Feature: Monkeying around at awards
Published Nov 2 2006, 17:05 GMT | By Ben Rawson-Jones
Scissor Sisters / Brits 2005
With Arctic Monkeys guitarist Jamie Cook being ejected from the Q Awards for trying to fiddle a few free drinks on the sly this week, we thought we’d have a look back at past instances of wacky behaviour at British musical ceremonies. As we’ll see, the Q Awards look like playschool compared to the antics over at The Brits…
The Brit Awards may have a reputation as a backslapping industry event, but with the free bubbly flowing this event has been a hive of naughty activity for stars over the years.
Most notorious was Jarvis Cocker’s drunken taunting of Michael Jackson in 1996. The Pulp frontman simply had enough of the self-proclaimed King of Pop’s Messiah-like antics during his performance of ‘Earth Song’. So Cocker sneaked towards the front of the stage and mocked Jacko from the front of the stage, via the medium of bending over and flailing his arms about.
Instead of the knighthood many felt he deserved for mocking Jackson, Cocker was hauled away by security and rewarded with a night behind bars amidst unfounded allegations that he’d assaulted some of the child dancers. In a surreal turn of events, comedian Bob Mortimer helped to secure Cocker’s release from custody thanks to his previous legal training. Presumably Vic Reeves was too dizzy to help out.
Who can forget the glorious face-off between sizzled DJ Brandon Block and Rolling Stone Ronnie Wood in 2000? The millennium bug certainly wasn’t the culprit – it was the old sauce again.
Mistakenly believing he’d won an award, Block staggered onto the stage as Wood – no stranger to booze himself - was preparing to dish out an award for Best Soundtrack alongside actress Thora Birch. Now, men are territorial creatures at the best of times, and drink doesn’t help their negotiating skills.
Whatever hellish concoction Block had in his glass sadly went to waste, as he hurled it over Wood’s wrinkly visage. Bizarrely, instead of hurling vicious insults or fists in each other’s faces the pusillanimous pair decided to trade verbal blows by taking turns on the podium’s microphone.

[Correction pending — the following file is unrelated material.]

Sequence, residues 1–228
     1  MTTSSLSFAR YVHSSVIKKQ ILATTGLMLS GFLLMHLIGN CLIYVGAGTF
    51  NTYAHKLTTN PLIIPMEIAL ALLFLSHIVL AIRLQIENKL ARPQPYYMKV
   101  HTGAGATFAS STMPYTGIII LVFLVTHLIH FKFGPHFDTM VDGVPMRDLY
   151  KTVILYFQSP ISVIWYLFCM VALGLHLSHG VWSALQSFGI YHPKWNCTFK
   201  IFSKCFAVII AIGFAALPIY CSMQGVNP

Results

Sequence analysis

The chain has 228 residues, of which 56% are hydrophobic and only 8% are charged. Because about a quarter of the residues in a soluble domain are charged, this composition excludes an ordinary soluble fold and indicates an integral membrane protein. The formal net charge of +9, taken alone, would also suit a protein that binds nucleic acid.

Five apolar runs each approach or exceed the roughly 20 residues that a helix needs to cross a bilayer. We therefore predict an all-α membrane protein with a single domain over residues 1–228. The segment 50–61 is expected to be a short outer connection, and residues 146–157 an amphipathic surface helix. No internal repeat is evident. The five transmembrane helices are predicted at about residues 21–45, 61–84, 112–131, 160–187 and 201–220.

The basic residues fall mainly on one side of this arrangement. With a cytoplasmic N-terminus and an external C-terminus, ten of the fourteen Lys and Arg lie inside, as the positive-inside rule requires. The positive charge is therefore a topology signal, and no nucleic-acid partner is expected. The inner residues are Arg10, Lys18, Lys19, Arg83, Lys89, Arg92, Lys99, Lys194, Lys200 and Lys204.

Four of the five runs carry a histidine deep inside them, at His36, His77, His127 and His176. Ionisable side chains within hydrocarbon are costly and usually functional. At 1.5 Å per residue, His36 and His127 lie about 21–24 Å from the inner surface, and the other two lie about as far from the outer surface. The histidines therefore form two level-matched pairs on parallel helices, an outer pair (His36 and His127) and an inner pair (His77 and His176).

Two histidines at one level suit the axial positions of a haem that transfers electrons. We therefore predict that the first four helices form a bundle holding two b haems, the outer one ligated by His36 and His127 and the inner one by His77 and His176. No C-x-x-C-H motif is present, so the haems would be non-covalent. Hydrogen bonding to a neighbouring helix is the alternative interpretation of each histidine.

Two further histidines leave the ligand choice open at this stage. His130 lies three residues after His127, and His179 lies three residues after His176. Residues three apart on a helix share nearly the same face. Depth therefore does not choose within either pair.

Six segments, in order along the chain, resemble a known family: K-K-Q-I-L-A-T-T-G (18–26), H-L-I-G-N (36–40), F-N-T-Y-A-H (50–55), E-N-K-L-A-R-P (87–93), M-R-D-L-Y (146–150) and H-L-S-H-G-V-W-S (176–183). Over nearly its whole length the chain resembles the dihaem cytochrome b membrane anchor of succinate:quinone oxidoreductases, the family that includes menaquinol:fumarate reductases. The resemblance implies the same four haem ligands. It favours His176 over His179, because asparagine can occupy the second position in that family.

Alcohol is not the only substance that fuels confrontation at these ceremonies. Political conviction can be fairly potent too, as John Prescott can testify. Chumbawamba member Danbert Nobacon was so incensed by the Labour government’s policies that he opted to pour an ice bucket over the Deputy Prime Minister’s head. Despite his fury, Prescott didn’t give Nobacon a quick jab. It seems that only dairy products elicit that response.
Still, many think the biggest crime in Brit Award history was the performance of Sam Fox and Mick Fleetwood as presenters. Muddling their words, misreading the autocue and announcing the wrong acts due to appear on stage – this was a proper televisual car crash that was strangely compulsive, yet painful viewing. Fox and Fleetwood may have gone unslapped and unsoaked, but their careers didn’t quite remain unscathed after that debacle.
If you believe that UK music events have a tight grip over bizarre music star behaviour then think again. A moment utterly devoid of violence or aggression – but laden with astonishing peculiarity – occurred at the MTV Video Awards in 2002 courtesy of Michael Jackson.
With Britney Spears on stage to present a random award, she made an ad-lib about Michael Jackson being her favourite artist of the millennium. Cue Jacko jumping out of the crowd and heading down the aisle under the belief that he was due to pick up this imaginary award. In front of a stunned crowd, the Dangerous
singer delivered a speech thanking the various folks for his non-existent gong.
"When I was a little boy in Indiana, if someone had told me that one day I'd be getting the Artist of the Millennium Award, I wouldn't have believed it,” gushed Jacko. Neither could we.
Only in America, eh? Over in old Blighty we need a bit of booze to get us going first…